This will be but the latest of several Overview Hikes SPB has sponsored over the years, to points around the rim of the Albany Inner Lowland Basin. We will view the Pine Bush from various points in and near Thacher Park. The hike is free and the public is cordially invited
Most of them have been to High Point, Thacher Park and Pinnacle Mountain. We see no reason to discontinue these events now in spite of State policy, uncertainties, concerning the Park and the newly established Bird Preserve. Neither we, nor others have never needed much if anything by way of “services” and staff for these events. This is especially true of the “Wild Side” i.e. the area north of the recent boundary limits of Park. Besides this area is mostly looked after by volunteers of “Path North” which courses through the park here. Personally I’ve been using this area, off and on, for hiking with friends since about 1950. Those days were much like the do it yourself eco-aesthete tourism of the 19th century in the same area. There was superior public transportation to the Helderberghs in the 1940’s and 50’s We would sometimes take the Altamont Bus which ran in both mornings and evenings, to Altamont then hike up an old user path to High Point in the 1960’s. This was before local governments forgot that user rights applied to this foot path and the to the Old Mine Road further south along the escarpment. Our other favorite route was to take the West Berne Bus to Thacher Park in the morning. Then we would walk into the Wild Side from there along the cliff up to High Point and back to Albany in the evening by the bus. The lands, hunting and hiking paths weren’t posted then.
When Save the Pine Bush started our occasional hikes, decades later, to this area we would always get permission from a succession of owners through SPB member Heather Linendoll, and her parents, from Altamont. Former owners. Ah yes! Now that’s a good question and perhaps even a legal one. I don’t know, for sure, how Jeff Thomas, or Bill Boyce who sold for the Bird Preserve addition, feel about this close down. However, for the whole park, for all time, it was spelled out, signed and sealed in advance by Mrs.Emma Treadwell Thacher and her lawyers in 1914. Mrs. Thacher in cooperation with the American Scenic and Historic Preservation Society, gave the land to start Thacher Park to the State of New York in 1914 . She did this out of a sincere desire to preserve nature, to promote science and to benefit the public and as a memorial to her late husband.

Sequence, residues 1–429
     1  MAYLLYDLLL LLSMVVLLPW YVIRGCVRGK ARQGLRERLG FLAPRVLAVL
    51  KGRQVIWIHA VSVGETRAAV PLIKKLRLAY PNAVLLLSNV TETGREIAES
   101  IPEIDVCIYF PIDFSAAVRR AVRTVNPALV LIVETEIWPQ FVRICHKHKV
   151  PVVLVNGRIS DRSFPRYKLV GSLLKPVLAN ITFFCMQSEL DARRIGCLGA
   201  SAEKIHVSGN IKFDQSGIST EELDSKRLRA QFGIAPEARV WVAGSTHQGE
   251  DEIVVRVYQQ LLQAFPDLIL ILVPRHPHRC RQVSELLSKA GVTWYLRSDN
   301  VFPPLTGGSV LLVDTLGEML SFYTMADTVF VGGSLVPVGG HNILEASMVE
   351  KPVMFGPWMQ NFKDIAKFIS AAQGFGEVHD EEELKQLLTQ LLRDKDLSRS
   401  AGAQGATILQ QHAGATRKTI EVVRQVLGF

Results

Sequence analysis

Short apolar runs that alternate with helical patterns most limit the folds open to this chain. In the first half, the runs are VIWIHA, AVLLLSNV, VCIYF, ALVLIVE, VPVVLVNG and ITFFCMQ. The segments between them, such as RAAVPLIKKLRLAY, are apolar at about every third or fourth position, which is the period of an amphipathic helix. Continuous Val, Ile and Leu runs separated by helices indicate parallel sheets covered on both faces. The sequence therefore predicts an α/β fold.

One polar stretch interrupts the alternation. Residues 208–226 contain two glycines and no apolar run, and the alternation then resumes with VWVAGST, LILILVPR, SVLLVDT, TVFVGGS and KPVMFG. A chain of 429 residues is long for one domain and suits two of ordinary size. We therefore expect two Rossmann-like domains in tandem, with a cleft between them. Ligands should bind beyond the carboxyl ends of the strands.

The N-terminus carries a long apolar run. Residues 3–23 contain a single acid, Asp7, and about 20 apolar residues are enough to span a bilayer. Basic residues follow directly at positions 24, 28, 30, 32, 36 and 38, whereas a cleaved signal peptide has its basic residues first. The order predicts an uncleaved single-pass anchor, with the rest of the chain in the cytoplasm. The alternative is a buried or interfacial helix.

Emma was the widow of John Boyd Thacher, a former Mayor of Albany, State Senator, historian and author of works on the history of the Hudson Valley and North America focusing or early explorations. Mr. Thacher was also a very successful business man and philanthropist who shared his wealth for the public good and with the less fortunate. To quote from Governor Martin Glynn’s 1914 Memorandum to the Legislature concerning this gift of land, “the true worth of the late John Boyd Thacher would be misunderstood, were it tested merely by his success in business, literature and statesmanship. The true measure of him as a man was known to the exceedingly large number of those of his fellows less fortunately situated than himself, who partook of his philanthropy. Modest and unassuming and even secretive in his many charities, the great aim and philosophy of his life was to uplift and give assistance to those around him. His widow imbued with the same kindly spirit, is permitting the State to devote this property to the benefit and uplift of the people.”
I will conclude with the following from a statement by the American Scenic and Historic Preservation Society in their Nineteenth Annual Report 1914,”This magnificent park ... was given to the State in March 1914 by Mrs. John Boyd Thacher of Albany in memory of her husband, and placed in the custody of the American Scenic and Historic Preservation Society. It is given upon condition that it “shall be forever dedicated to and used exclusively for the purpose of a public park and atural scenic reservation and for no other purpose